[14]         Under the heading of “Authorities”, both parties simply state they do not expect a joint brief of authorities at trial. That is not sufficient. The trial brief asks counsel to refer to authorities in order to identify the legal issues that will be argued at trial and in order to satisfy the Court that the parties and counsel have considered the law as it may affect their position at trial. That does not mean counsel need to cite every case they may wish to refer to at trial, but by the time they start preparing trial briefs, counsel should have identified the most important ones.

[15]         This is a wrongful dismissal case, so counsel should by now be familiar with the leading cases in that area as well as any others that are particularly relevant, such as by virtue of comparable facts. Those should have been referred to in the trial brief.

[16]         In short, the trial briefs submitted are largely pro-forma documents that do not give the Court confidence that all issues have been addressed or that all potentially useful discussions between counsel have taken place. The application to dispense with the TMC is therefore dismissed.


Defendant Ordered to Pay $7,500 After “Body-Checking” Plaintiff During Debt Collection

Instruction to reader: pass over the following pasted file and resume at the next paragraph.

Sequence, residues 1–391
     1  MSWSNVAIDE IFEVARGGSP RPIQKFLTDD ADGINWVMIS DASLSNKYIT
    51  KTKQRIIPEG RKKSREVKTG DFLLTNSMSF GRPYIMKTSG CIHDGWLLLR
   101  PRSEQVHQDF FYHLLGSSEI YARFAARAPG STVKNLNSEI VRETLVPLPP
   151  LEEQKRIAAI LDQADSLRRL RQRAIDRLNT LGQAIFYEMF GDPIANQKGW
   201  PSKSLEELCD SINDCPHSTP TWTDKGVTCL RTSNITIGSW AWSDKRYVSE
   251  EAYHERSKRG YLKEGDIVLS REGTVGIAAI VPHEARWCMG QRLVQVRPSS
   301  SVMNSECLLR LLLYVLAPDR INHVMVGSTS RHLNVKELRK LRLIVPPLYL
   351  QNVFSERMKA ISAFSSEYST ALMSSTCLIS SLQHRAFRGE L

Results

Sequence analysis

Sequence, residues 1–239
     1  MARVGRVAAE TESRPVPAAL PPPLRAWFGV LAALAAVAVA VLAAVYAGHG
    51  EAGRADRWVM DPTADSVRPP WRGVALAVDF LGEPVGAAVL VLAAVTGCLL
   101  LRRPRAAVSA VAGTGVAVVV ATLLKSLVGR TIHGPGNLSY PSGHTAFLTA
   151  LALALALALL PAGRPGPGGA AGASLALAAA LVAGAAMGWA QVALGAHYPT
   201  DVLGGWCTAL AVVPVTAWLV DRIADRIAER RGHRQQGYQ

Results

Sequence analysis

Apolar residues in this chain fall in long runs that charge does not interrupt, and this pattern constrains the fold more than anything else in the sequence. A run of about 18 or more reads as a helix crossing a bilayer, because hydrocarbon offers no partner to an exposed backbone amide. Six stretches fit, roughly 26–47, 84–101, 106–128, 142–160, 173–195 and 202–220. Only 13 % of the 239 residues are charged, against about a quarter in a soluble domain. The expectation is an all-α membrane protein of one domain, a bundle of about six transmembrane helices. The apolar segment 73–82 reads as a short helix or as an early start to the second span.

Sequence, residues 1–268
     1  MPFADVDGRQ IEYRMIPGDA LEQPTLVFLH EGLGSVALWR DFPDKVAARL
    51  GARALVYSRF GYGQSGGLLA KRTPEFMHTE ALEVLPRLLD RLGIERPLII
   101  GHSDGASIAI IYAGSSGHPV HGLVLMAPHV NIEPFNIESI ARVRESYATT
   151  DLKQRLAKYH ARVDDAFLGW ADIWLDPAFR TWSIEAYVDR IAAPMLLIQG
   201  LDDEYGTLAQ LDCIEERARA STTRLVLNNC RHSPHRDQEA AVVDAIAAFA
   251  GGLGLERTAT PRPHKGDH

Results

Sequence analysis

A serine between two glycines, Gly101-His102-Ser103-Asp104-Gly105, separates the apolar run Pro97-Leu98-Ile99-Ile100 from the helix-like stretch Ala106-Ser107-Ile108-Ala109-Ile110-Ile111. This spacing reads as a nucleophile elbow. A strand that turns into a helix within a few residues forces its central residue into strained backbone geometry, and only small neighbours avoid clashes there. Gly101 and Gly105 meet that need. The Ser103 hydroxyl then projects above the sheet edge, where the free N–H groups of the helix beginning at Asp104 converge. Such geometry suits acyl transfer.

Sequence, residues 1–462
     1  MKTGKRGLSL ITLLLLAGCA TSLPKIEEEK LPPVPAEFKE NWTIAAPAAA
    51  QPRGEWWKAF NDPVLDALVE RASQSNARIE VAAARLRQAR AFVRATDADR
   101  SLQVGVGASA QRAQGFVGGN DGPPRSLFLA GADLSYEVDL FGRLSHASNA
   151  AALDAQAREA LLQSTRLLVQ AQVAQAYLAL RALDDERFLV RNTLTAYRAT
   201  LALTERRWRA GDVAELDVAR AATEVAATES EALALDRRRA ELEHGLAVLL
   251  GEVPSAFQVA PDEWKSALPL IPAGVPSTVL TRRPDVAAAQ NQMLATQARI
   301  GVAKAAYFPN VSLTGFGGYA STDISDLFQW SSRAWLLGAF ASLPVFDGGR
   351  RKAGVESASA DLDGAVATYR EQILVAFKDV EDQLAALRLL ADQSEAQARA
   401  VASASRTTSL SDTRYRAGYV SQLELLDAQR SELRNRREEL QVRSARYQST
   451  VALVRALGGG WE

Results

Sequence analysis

June 23rd, 2016

Reasons for judgement were released today by the BC Supreme Court, New Westminster Registry, ordering a Defendant to pay a Plaintiff $5,000 in non-pecuniary damages and a further $2,500 in punitive damages following an assault during a debt collection.

In today’s case (Ross v. Dhillon) the Plaintiff attended the Defendant’s business to collect an outstanding business account with respect to some industrial equipment purchased by the Defendant.  The Defendant made partial payment and the Plaintiff,  unsatisfied with this, removed a part from the equipment.  As he attempted to leave the Defendant “body‑checked him into the door frame and held him against it for several seconds.”.